just throw them right out again, but that whole season of rush &
pledge would be wasted.  What a pity that would be.

(Updated Later)

By the by, what’s up with three whole members?  Sounds like
absolutely nothing so much as a token membership designed to spawn a
test case.  UNC seems plagued by this of late.  Three
students sue over the summer reading.  Now three students sue to
be let out of the University’s policies on student groups – policies they had to read and sign before
applying to be recognized in the first place.  Jeez, kids, didn’t
mama teach you to read?  While I agree with the principle of their
religious freedom, were I a University administrator I would absolutely
have fought back on this, and would keep fighting.  These kids
signed the same paperwork every student group has to sign.  They
knew what they were doing when they did it.  If they didn’t, they
are morons, and no lawyer can ever change that.

OK, now I’m done.

(Originally seen & commented on at Pam’s House Blend.) (more…)

Lately I’ve been on another tear of crazy-ass books.  First up has been Mystery of the Crystal Skulls
Gods, but this book is long.  Two documentarians find themselves
running around North & South & Central America looking into the
history of a collection of crystal skulls of hotly debated origin –
some see them as artifacts of the Mayans, some as pre-Mayan, some as
Renaissance forgeries and some as 19th century forgeries.  For the
first 200 pages they present a very balanced and objective story
detailing the various scientists, archeologists, historians,
folklorists and private enthusiasts they interview, including
everything from the solid documentation that the skulls may be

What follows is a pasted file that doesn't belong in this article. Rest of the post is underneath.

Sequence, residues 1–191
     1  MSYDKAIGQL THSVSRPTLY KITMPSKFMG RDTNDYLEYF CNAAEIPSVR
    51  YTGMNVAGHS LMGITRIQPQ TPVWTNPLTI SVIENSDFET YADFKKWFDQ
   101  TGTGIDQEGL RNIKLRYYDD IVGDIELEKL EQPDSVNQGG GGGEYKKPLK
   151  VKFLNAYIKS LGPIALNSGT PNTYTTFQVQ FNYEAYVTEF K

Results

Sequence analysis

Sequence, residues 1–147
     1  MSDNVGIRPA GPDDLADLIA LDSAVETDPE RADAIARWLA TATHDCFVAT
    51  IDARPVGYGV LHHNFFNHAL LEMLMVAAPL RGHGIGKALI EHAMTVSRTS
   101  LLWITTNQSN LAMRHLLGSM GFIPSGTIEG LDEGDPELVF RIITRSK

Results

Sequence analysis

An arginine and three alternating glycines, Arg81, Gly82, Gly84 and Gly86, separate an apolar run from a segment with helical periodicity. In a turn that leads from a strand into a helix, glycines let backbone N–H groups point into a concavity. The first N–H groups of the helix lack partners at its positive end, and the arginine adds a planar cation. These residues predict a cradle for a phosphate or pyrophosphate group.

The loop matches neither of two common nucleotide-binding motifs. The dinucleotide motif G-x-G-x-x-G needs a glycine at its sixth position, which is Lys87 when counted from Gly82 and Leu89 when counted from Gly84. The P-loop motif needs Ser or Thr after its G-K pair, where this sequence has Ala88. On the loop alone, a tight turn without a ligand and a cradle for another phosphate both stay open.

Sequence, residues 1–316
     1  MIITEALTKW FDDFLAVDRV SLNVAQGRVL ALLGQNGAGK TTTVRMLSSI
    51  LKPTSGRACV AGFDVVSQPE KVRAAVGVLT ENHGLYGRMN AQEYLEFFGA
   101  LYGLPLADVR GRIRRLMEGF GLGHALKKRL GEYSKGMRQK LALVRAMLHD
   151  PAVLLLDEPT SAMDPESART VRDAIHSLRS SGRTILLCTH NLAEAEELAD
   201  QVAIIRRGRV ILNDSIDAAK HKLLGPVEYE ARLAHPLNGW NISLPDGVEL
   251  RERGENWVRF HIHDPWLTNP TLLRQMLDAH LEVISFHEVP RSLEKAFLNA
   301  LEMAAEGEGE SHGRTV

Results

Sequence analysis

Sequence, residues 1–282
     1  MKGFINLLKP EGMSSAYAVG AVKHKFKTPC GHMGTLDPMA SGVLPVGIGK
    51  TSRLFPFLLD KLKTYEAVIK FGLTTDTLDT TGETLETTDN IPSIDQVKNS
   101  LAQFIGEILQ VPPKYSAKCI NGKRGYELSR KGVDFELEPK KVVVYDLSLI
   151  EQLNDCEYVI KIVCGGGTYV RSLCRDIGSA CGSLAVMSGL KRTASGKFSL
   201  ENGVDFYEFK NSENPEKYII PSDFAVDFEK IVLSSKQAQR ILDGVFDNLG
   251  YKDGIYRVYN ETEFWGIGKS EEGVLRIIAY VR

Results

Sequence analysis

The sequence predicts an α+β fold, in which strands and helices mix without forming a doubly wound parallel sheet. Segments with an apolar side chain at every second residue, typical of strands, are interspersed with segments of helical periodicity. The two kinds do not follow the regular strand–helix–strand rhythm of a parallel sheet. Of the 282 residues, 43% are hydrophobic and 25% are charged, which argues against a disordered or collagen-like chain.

forgeries to the “channeled insights” some self-described psychics
claim to get from the skulls.  They don’t put particular stock in
what the crackpots have to say, and they make certain to balance the
crackpots with repeatable science and rational, honest discussions of
their own doubts and desires regarding the skulls.  I’m very close
to the end but I’m finding it one long row to hoe.  They’ve now
officially waded in above their heads and are strictly in crackpot
territory.  I’m going to finish, but I’m sorely disappointed.

Second in my stack is The Archaic Revival by Terence McKenna.  I should note that the subtitle is Speculations
on Psychedelic Mushrooms, the Amazon, Virtual Reality, UFOs, Evolution,
Shamanism, the Rebirth of the Goddess and the End of History

You want Crackpots 101?  This is a prereq.  I actually don’t
think McKenna was crazy.  Rather, I think he was extremely
brave.  I also think he took a LOT of psychedelics that may have,
I dunno, altered his chemistry.  It’s his firm believe that there
are alternate universes and hyperspatial dimensions (whatever those
are) right next door, just across a quantum mechanical veil, where
alien intelligences are ready to greet anybody who does enough of a
variety of tryptamines.  He’s not in favor of widespread
experimentation with “heroic doses” (his term) of psychedelics, but he